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Affilition & Approval

Affilition & Approval

The need for affiliation (N-Affil) is a term that was popularized by David McClelland and describes a person's need to feel a sense of involvement and "belonging" within a social group; McClelland's thinking was strongly influenced by the pioneering work of Henry Murray who first identified underlying psychological human needs and motivational processes (1938). It was Murray who set out a taxonomy of needs, including achievement, power and affiliation—and placed these in the context of an integrated motivational model. People with a high need for affiliation require warm interpersonal relationships and approval from those with whom they have regular contact. Having a strong bond with others make a person feel as if they are a part of something important that creates a powerful impact. People who place high emphasis on affiliation tend to be supportive team members, but may be less effective in leadership positions. A person who takes part in a group, whether it be a movement or project, create a push towards a sense of achievement and satisfaction for the individual and the whole.

Within group processes, individuals are invariably driven to develop and preserve meaningful social relationships with others. Specifically, people tend to use approval cues to create, maintain, and assess the intimacy of our relationships with other people.[1] First, though, in order to move toward these affiliations, people must abide by social norms which promote liking and reciprocity.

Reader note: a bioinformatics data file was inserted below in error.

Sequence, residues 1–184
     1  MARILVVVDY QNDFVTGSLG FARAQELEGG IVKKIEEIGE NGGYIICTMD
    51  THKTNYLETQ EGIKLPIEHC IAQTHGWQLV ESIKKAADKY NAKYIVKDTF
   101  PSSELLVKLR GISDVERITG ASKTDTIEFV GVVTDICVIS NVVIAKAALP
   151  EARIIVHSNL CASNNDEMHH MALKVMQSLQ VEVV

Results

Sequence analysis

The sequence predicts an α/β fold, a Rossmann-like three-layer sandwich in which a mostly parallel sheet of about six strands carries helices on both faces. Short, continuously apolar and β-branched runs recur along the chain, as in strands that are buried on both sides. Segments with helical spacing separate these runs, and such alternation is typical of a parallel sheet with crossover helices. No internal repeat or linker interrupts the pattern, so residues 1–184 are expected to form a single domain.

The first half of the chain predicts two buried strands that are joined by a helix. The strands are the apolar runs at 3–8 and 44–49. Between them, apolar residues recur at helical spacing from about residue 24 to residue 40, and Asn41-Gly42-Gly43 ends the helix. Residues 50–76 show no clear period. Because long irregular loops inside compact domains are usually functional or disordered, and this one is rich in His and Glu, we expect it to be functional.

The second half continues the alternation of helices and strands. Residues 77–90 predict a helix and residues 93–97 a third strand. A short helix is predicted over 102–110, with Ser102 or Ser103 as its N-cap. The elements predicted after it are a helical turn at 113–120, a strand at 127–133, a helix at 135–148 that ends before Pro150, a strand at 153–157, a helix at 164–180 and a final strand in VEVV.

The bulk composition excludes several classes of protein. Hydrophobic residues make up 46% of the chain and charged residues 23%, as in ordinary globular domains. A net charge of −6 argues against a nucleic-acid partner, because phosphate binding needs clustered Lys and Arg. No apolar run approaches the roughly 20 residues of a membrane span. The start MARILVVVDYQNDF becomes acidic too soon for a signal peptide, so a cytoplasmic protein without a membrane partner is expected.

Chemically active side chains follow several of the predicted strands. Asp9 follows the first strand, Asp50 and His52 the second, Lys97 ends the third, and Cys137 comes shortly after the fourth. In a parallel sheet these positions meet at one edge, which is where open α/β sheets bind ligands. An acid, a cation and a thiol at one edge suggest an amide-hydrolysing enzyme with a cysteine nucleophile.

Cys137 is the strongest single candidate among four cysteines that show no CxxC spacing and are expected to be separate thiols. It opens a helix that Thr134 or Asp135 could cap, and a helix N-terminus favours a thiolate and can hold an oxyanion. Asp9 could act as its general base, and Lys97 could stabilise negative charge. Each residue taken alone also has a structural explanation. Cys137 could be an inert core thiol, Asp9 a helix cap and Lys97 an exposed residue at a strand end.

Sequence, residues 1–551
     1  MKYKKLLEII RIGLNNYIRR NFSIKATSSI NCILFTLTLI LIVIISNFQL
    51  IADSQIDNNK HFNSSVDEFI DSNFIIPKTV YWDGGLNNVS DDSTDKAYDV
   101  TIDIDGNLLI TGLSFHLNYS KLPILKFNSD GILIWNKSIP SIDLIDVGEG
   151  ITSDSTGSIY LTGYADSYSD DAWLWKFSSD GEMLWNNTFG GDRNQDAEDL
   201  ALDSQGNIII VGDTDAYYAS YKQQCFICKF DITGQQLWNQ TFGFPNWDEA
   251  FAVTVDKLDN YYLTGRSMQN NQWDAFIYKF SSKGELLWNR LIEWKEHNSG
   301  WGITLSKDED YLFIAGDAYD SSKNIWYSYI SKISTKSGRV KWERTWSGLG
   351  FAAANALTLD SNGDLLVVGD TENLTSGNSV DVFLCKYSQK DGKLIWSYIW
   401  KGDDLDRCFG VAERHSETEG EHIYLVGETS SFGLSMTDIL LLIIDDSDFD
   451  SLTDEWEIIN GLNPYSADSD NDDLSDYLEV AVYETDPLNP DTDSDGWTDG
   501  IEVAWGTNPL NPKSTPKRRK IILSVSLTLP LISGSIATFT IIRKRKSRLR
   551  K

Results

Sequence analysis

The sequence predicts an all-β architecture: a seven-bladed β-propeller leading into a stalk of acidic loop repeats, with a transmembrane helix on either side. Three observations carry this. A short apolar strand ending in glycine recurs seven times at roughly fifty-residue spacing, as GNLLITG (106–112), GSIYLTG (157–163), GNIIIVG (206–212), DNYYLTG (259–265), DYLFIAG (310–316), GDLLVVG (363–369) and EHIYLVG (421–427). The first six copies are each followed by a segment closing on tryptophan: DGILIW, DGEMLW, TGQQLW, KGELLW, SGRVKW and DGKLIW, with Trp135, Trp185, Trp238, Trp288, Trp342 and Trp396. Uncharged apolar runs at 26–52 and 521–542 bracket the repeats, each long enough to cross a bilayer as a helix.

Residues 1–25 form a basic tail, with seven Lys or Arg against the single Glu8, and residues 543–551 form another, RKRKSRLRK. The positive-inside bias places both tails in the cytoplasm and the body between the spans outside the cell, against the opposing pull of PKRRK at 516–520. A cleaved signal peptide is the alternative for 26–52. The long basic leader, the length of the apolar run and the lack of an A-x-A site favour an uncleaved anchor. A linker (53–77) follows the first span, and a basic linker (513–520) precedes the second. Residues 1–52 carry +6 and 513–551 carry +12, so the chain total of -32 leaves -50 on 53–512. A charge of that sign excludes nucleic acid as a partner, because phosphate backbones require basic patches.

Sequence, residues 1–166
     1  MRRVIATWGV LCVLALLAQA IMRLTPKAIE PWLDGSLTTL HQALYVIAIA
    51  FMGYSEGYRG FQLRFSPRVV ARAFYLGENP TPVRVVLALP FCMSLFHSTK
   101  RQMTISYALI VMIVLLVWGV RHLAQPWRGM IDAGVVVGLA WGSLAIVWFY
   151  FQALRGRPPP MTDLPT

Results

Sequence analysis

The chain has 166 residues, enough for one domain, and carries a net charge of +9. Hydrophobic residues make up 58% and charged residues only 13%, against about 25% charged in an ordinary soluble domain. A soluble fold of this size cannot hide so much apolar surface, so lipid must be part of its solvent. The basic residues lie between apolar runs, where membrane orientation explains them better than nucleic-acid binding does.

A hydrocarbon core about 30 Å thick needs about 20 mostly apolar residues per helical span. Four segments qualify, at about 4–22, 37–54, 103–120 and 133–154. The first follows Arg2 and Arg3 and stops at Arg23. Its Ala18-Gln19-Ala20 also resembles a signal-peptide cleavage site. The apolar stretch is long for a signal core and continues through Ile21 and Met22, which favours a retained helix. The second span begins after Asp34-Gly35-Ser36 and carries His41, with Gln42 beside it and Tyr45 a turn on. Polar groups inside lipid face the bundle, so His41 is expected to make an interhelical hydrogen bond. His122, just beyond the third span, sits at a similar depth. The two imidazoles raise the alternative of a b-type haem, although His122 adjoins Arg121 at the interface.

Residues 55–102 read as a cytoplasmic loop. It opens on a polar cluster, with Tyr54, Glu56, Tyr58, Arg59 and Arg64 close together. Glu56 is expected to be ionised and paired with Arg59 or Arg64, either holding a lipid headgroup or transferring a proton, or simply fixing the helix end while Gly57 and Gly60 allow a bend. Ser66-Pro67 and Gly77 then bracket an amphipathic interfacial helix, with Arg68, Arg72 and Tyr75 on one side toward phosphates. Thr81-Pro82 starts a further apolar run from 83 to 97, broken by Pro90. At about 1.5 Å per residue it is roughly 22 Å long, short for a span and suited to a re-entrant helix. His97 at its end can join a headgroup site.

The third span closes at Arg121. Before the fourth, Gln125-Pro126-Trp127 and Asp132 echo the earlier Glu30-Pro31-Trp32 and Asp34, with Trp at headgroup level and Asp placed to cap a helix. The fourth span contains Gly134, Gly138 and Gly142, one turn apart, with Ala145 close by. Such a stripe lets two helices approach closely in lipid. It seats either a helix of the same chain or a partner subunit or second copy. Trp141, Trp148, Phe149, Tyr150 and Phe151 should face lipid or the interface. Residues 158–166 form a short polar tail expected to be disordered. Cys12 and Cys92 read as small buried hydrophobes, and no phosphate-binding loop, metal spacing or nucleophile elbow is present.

The first major implication of the need to affiliate with others is liking – in which the more we like or accept other people, the more likely we are to attempt to develop close relationships with them. There are a number of ways to accomplish this liking factor, including responding to requests for help, greater perceived similarity with someone else, and impression management through ingratiation. Firstly, responding to requests for help creates a very positive relationship between compliance and fondness for a person.[2] On the other hand, greater perceived similarity between individuals can also lead to fondness and potential friendships. This factor leads to increased compliance, and it can include any similarity from shared names or birthdays, to deeper connections such as a shared career or education.[3] Lastly, impression management through ingratiation is a third means by which people use the liking principle to satisfy their need for affiliation. This is a means to get others to like us through the effects of flattery, which could be something as small as remembering a person’s name, to constant compliments and admiration.

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